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QUESTIONS have arisen over the extent to which it is prudent to significantly invest in solar energy as one solution to Zimbabwe’s power crisis amid concerns of reliability and cost. This follows remarks by Energy and Power Development secretary Partison Mbiriri after a workshop to discuss power system development plan (SDP) for Zimbabwe on Wednesday.

He said the SDP sought to plug deficits and create capacity to meet future demand to support the economy with tell-tell signs of recovery already evident in agriculture and mining.

Mr Mbiriri said discussions on the most effective and least cost projects to address the power crisis had hugely centred on the extent to which solar energy could be one of solutions. Zimbabwe faces debilitating power deficits due to limited generation capacity, resulting in frequent power cuts to balance demand and supply which is affecting economic projects.

Mr Mbiriri said that on a good day, the country’s power deficits range between 400 megawatts and 600MW while on really bad day the shortage can be as much as 800MW.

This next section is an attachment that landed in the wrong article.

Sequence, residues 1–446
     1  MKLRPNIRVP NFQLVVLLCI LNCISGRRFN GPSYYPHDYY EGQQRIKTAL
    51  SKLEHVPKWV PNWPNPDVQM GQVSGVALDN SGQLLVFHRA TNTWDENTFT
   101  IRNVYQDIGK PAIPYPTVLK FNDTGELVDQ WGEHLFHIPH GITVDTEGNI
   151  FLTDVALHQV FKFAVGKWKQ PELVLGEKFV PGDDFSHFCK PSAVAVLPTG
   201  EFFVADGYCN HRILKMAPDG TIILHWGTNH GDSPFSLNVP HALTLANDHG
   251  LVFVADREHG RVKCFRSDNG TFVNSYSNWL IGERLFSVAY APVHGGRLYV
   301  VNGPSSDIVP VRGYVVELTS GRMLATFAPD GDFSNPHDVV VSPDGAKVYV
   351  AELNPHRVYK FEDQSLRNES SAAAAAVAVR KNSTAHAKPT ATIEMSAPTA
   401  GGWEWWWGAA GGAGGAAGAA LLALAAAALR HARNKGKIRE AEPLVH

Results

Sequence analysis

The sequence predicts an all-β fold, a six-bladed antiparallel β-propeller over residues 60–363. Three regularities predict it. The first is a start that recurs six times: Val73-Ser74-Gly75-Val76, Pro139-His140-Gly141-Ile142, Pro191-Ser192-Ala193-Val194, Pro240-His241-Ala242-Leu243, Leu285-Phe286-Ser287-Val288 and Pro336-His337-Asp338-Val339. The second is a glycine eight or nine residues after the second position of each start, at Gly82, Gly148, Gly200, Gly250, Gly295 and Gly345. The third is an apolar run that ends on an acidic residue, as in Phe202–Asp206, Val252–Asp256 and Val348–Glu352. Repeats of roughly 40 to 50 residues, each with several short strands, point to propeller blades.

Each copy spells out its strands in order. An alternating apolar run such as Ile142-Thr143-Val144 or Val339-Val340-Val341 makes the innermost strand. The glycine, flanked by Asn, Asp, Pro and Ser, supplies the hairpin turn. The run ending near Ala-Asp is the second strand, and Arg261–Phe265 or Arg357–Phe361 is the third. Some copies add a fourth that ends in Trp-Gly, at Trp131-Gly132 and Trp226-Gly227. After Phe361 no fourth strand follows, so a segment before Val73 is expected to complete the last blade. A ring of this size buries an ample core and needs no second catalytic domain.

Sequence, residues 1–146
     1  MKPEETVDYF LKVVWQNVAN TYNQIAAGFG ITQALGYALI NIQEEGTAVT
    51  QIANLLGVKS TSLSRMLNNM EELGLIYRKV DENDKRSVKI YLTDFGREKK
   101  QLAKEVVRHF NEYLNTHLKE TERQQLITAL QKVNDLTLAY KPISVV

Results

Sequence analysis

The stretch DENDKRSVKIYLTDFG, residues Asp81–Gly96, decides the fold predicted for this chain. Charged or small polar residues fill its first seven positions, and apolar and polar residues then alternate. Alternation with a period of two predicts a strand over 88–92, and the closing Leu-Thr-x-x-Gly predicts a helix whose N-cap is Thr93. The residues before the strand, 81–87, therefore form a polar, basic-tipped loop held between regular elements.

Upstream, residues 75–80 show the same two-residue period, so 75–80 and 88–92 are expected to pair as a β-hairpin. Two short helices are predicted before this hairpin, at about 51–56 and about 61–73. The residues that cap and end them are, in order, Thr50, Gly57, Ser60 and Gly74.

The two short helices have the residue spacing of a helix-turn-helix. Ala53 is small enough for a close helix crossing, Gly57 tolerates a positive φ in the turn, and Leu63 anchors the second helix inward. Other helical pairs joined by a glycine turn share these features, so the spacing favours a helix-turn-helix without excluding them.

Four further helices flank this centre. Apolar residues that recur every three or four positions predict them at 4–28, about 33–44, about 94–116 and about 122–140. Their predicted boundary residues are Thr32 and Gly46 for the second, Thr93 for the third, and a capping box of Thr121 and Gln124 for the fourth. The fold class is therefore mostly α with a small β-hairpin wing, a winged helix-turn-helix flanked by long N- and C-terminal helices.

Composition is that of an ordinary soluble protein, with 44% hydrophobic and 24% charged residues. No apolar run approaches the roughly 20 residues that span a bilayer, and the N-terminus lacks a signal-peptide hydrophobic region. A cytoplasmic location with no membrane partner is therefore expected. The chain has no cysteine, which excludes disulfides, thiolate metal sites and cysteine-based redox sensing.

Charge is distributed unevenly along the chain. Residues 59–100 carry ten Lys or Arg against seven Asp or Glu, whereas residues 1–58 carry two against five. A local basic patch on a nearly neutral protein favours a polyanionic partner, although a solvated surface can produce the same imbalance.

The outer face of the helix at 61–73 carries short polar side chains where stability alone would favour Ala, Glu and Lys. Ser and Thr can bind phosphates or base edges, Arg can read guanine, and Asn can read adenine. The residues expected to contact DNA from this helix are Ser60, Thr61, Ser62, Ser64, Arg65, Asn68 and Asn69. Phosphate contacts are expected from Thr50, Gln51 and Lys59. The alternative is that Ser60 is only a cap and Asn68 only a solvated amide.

Zimbabwe is currently only able to generate an average of 1 400MW against demand at peak periods of 2200MW. Imports from the region help to reduce the shortages. As such, Mr Mbiriri said the deliberations touched on findings of works on the SDP, which highlighted some of the limitations the country faced if it invested significantly in solar.

“The focus really is on hydro, gas, thermal and solar. A great deal of the discussions related to the extent to which it is prudent to generate considerable power in terms of solar. (This is) given the fact that solar (energy) remains expensive. It is more expensive than the other three, it’s more expensive than hydro, it’s more expensive than thermal and it’s more expensive than natural gas. That is (only) on one hand,” Mr Mbiriri said.

Critically, the energy secretary said, having too much solar energy on the national grid could impact on the electricity tariff because solar energy was, naturally, costly to produce.

“I must emphasise that an affordable tariff for the consumer is very important, hence the formulation of a least cost development plan,” Mr Mbiriri said earlier in his opening speech.

Source : The Herald